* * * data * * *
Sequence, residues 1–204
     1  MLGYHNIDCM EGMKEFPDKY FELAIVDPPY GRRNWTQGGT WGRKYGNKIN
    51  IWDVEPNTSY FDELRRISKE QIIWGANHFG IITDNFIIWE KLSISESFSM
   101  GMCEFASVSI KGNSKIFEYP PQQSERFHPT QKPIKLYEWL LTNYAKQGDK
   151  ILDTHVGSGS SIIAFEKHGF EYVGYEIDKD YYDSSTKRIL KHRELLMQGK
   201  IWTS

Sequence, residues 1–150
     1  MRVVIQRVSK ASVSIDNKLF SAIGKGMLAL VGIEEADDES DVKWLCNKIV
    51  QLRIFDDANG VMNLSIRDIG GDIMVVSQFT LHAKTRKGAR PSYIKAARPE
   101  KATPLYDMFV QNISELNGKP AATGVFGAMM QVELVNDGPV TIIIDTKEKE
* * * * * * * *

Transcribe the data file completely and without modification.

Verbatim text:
Sequence, residues 1–204
     1  MLGYHNIDCM EGMKEFPDKY FELAIVDPPY GRRNWTQGGT WGRKYGNKIN
    51  IWDVEPNTSY FDELRRISKE QIIWGANHFG IITDNFIIWE KLSISESFSM
   101  GMCEFASVSI KGNSKIFEYP PQQSERFHPT QKPIKLYEWL LTNYAKQGDK
   151  ILDTHVGSGS SIIAFEKHGF EYVGYEIDKD YYDSSTKRIL KHRELLMQGK
   201  IWTS

Sequence, residues 1–150
     1  MRVVIQRVSK ASVSIDNKLF SAIGKGMLAL VGIEEADDES DVKWLCNKIV
    51  QLRIFDDANG VMNLSIRDIG GDIMVVSQFT LHAKTRKGAR PSYIKAARPE
   101  KATPLYDMFV QNISELNGKP AATGVFGAMM QVELVNDGPV TIIIDTKEKE